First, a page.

Photo: ‘White Noise’
Noah Baumbach: The Auteur’s Career Takes Another Left Turn
Whereas some filmmakers make the big time with their debut feature, Noah Baumbach has been around for well over twenty years, and only recently has he been getting his due. A typical Baumbach film can be described as a domestic drama with a heavy dose of dark humor, with perhaps the best examples of such a formula being 2005’s ‘The Squid and the Whale’ and 2019’s ‘Marriage Story.’ While his films are often humorous, though, they also demonstrate an emotional honesty that can be disarming at times, putting Baumbach in a similar space with his close contemporary (and occasional collaborator), Wes Anderson.
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Unlike Anderson, whose movies are unabashedly whimsical and fantastical (even if they usually can’t be called outright fantasies), Baumbach’s films stay consistently grounded in the reality that you and I are familiar with — the world of bitter relationships, student loans, troubled high schoolers, and a general sense of dissatisfaction. As easy it would be to pigeonhole him, though, Baumbach’s filmography is a bit more diverse than all that, with him even landing a screenwriting credit for ‘Madagascar 3’ of all things; his movies, whether it be as director or screenwriter, are hard to confuse with one another.
If ‘Marriage Story’ was Baumbach’s breakthrough, being his Oscar-winning collaboration with Netflix, then his upcoming film may prove to be a make-or-break moment for the auteur. Once again with Netflix set to distribute it after its premiere at the Venice Film Festival, ‘White Noise’ looks to be unlike anything Baumbach has tackled before, being his first adaptation of someone else’s work: Don DeLillo’s 1985 novel White Noise. Rather than adapting a modern mainstream hit, Baumbach is adapting a respected but somewhat niche novel by an even more niche author, yet as I am about to explain, the combination here may well prove to be fruitful, if unorthodox. Despite its premiere coming in a mere few weeks, we don’t a great deal about Baumbach’s ‘White Noise’ thus far, but as someone who has read DeLillo’s novel, as I have an idea as to what we can expect, and how Baumbach might do justice to a novel that’s notoriously hard to translate.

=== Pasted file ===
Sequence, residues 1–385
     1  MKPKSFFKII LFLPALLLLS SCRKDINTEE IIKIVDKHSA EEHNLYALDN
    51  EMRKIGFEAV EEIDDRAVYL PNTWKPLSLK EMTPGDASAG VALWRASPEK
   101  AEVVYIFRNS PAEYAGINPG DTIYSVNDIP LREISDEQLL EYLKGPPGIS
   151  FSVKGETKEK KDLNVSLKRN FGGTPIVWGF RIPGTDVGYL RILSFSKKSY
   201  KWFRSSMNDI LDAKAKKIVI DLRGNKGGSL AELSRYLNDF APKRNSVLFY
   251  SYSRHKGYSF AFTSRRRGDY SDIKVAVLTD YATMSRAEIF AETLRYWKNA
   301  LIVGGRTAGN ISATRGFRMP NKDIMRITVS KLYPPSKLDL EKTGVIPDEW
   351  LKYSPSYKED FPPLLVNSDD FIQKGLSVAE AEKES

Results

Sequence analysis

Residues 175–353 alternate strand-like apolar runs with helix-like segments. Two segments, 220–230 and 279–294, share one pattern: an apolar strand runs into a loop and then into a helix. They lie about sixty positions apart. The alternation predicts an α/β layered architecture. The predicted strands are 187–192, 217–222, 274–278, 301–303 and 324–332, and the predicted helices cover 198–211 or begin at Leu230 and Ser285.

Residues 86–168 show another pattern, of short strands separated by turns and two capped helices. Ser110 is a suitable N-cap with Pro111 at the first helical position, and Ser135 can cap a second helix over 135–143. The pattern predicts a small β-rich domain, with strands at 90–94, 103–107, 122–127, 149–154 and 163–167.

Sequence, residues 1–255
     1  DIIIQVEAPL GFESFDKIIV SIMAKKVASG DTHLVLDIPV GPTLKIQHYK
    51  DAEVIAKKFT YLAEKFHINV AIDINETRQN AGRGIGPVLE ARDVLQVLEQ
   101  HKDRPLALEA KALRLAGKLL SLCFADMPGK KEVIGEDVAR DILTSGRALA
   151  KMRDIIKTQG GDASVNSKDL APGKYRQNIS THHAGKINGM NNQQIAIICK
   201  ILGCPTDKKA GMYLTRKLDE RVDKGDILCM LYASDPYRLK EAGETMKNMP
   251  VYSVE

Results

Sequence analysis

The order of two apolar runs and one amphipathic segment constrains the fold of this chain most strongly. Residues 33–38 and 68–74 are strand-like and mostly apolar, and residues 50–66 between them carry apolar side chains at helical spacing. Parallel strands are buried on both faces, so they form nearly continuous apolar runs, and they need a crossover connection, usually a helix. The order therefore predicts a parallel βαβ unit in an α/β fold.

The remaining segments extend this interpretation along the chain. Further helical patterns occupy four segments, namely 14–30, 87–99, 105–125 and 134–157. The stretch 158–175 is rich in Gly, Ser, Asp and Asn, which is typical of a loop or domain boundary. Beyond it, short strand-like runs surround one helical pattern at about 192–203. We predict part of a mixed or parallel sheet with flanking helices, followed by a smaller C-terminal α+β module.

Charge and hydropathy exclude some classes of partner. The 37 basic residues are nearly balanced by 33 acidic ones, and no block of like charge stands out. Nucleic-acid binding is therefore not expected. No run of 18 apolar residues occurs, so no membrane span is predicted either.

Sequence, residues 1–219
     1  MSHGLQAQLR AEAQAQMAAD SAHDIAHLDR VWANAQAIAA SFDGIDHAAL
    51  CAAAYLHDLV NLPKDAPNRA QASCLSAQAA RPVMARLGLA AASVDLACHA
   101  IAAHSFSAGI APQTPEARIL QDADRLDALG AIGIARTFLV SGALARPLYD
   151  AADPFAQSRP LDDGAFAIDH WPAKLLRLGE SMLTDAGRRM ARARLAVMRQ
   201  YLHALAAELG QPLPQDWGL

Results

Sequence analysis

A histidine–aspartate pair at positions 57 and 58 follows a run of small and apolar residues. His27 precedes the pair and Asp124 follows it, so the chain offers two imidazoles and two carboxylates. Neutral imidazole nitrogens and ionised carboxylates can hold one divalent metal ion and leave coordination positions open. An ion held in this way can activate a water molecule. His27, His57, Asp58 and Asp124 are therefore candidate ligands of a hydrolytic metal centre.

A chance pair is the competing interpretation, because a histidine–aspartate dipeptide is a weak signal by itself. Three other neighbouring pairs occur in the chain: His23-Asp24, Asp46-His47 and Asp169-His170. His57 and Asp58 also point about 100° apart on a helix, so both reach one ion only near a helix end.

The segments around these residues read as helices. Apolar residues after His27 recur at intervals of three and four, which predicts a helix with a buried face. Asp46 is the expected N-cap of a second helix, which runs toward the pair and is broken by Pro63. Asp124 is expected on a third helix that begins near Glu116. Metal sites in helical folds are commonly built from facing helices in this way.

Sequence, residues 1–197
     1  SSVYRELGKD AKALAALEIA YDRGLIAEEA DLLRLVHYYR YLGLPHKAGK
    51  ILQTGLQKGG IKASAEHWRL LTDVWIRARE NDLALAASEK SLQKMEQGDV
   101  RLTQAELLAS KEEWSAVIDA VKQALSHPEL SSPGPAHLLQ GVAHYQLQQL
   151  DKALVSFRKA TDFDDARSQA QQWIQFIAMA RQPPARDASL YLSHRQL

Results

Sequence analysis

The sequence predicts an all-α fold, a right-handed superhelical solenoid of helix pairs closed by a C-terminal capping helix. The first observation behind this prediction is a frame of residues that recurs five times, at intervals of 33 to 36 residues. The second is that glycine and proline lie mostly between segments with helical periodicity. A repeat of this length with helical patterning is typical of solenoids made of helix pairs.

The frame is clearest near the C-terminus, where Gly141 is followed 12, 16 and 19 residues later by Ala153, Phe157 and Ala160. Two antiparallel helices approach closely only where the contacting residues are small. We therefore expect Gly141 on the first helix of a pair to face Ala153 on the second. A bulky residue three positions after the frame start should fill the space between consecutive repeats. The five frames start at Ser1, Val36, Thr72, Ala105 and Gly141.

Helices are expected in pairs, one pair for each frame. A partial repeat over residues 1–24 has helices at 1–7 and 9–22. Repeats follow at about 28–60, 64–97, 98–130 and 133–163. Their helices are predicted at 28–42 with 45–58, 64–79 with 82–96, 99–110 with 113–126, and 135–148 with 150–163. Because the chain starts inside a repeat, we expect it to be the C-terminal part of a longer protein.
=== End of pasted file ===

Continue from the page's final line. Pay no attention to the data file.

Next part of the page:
A Tribute to Noah Baumbach: A Modern Auteur
Don DeLillo’s White Noise: The Supposedly Unfilmable Novel
We don’t talk about literature that much, especially whatever’s outside the mainstream, but it must be said that Don DeLillo is quite the character. Active in the field for more than half a century now, and still going strong, DeLillo flirted with mainstream success with the publication of White Noise, which became a bestseller and won the National Book Award for Fiction. Now considered one of the best American novels of the 1980s, White Noise is an episodic narrative, following the lives of Jack Gladney and his family over the course of a year, with the first third of the novel being nigh-plotless. The middle third of the novel is by far the most famous section, being titled “The Airborne Toxic Event,” which sees the plot not only kick into gear but take a bizarre borderline horror flavor, involving a chemical spill that sends Jack and the townspeople into a panic.
Related article: A Tribute to Noah Baumbach: A Modern Auteur